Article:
So far China has responded cautiously, Foreign Minister Wang Yi termed the call a “petty trick on the part of the Taiwan side,” thereby blaming Taipei for the incident. If the Trump operation doesn’t change policy elsewhere, Beijing might decide to drop the matter.
But if there is a larger shift in policy, as advocated by some of Trump’s advisers, bilateral relations could deteriorate. While the PRC might not retaliate directly, it can undercut U.S. interests elsewhere.
Beijing just allowed passage of another round of U.N. sanctions against North Korea, but has almost total discretion in how tightly it enforces the new penalties. The PRC also will have to decide how to respond to candidate Trump’s threat to launch a protectionist offensive against China. Beijing also could ratchet up its aggressive territorial activities in the South China Sea. Incidents like the Trump‐Tsai conversation make tough Chinese responses more likely.
Of course, there’s an attractive argument for the U.S. government to elevate Taipei’s status. Taiwan’s future should be decided by its own people, not Beijing. The island has been free of control by the mainland for most of the last century and more. Without question the vast majority of Taiwanese do not want to be part of the authoritarian behemoth next door.
However, foreign policy also must reflect reality. China’s leaders and people view Taiwan rather like Lincoln and the American people viewed the South: an integral part of a nation and worth fighting, and dying, for. Those earlier Americans were willing to accept a death toll of around 750,000 over the issue of secession (not slavery, against which most northerners would not have taken up arms). The PRC similarly is willing to risk war over Taiwan. In contrast, how many Americans would choose to go to war with China to protect Taiwan’s independence?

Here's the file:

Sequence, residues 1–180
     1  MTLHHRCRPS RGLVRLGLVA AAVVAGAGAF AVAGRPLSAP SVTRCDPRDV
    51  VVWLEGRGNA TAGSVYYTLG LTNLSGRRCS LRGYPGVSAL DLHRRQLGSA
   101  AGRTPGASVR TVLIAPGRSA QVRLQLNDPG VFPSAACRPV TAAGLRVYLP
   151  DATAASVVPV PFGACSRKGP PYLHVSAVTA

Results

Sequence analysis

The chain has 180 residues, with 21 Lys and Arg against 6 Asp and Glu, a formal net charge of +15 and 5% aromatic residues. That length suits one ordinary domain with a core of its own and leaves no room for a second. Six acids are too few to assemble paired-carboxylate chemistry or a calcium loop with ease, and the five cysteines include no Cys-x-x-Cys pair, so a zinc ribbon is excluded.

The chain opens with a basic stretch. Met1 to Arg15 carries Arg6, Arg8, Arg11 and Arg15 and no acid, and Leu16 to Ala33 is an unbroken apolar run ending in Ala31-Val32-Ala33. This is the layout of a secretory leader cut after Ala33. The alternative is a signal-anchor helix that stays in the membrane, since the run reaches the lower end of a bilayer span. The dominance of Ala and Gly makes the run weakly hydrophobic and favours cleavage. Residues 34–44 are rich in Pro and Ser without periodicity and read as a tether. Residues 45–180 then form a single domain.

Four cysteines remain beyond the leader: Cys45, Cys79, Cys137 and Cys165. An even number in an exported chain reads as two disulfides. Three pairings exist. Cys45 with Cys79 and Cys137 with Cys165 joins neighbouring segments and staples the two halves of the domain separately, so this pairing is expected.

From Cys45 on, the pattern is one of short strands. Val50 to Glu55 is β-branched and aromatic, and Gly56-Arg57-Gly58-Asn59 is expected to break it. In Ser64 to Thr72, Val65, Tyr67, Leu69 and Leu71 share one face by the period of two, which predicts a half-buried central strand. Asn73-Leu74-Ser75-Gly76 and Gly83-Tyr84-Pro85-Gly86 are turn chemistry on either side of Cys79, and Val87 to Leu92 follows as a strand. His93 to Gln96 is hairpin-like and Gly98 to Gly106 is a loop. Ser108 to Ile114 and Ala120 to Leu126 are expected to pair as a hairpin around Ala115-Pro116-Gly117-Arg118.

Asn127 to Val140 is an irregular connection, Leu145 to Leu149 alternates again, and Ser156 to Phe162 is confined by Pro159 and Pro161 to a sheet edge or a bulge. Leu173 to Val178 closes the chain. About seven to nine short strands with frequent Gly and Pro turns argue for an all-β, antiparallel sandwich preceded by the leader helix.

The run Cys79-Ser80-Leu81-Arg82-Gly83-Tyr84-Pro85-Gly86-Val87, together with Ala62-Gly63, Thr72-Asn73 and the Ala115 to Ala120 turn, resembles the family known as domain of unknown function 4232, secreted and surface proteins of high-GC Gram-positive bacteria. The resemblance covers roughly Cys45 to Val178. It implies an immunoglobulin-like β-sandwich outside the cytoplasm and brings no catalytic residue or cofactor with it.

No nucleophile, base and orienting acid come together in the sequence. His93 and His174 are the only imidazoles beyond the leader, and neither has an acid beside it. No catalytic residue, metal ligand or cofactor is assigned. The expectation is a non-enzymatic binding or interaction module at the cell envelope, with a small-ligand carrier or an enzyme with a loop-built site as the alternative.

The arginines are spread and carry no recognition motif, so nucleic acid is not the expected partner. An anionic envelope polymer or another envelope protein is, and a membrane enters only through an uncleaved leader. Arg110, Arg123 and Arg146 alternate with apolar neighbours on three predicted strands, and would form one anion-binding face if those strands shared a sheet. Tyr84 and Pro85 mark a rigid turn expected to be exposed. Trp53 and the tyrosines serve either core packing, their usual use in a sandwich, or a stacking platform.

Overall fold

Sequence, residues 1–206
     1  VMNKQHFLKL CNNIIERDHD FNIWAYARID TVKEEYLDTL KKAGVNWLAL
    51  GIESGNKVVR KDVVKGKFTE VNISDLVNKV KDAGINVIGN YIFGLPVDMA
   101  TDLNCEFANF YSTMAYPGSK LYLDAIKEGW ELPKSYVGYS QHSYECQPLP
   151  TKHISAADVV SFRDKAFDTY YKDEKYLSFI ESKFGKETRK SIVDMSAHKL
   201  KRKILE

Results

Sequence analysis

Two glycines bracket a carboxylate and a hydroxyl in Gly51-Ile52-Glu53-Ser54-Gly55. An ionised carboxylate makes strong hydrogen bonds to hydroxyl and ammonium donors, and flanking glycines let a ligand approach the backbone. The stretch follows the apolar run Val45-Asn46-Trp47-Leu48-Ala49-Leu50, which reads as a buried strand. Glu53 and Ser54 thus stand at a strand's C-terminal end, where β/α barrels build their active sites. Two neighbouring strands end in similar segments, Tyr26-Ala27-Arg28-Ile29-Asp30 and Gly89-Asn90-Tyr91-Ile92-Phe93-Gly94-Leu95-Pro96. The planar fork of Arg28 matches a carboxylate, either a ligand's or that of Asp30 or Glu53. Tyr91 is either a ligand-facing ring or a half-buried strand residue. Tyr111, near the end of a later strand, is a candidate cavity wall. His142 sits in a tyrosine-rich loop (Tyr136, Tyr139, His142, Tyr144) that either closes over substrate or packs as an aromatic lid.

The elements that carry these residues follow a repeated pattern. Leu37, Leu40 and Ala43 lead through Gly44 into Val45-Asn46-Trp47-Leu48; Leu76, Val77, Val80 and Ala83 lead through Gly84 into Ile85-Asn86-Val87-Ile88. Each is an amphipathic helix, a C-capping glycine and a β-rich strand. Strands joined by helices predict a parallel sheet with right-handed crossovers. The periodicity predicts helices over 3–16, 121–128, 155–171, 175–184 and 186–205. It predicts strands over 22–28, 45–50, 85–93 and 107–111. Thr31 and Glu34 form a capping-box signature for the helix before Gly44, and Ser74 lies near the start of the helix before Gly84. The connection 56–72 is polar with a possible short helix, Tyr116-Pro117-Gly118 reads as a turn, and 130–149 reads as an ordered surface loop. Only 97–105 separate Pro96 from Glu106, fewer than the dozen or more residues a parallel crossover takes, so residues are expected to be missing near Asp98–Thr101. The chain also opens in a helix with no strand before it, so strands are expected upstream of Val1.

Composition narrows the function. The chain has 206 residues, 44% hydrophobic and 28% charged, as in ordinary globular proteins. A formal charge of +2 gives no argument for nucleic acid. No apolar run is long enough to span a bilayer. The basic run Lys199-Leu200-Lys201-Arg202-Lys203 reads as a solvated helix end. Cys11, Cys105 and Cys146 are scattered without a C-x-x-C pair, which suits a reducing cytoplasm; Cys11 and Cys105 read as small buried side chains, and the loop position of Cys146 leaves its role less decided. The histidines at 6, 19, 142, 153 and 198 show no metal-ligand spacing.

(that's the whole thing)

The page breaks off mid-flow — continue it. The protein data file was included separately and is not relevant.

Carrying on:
This doesn’t mean Washington should avoid Beijing’s displeasure at any cost. For instance, arms sales, which the president‐elect said he favors, help the island defend itself without committing America to war with a nuclear‐armed power over interests not vital for U.S. security. Arming Taiwan is the best of a bad set of policy options. It achieves an important objective: assist Taipei in developing its own force to raise the price of military action by Beijing.
In contrast, the Trump phone call serves no obvious purpose. He has no power to act for another seven weeks. There are no critical issues to be settled by the two countries. And his phone conversations with foreign leaders almost uniformly have been vacuous, even embarrassing—just read the transcript of his chat with Pakistani Prime Minister Nawaz Sharif. His aides said that he and Tsai talked about “the close economic, political, and security ties” between the two governments, which sounds like the usual boilerplate. For that Trump is adding more turbulence to U.S.-China relations?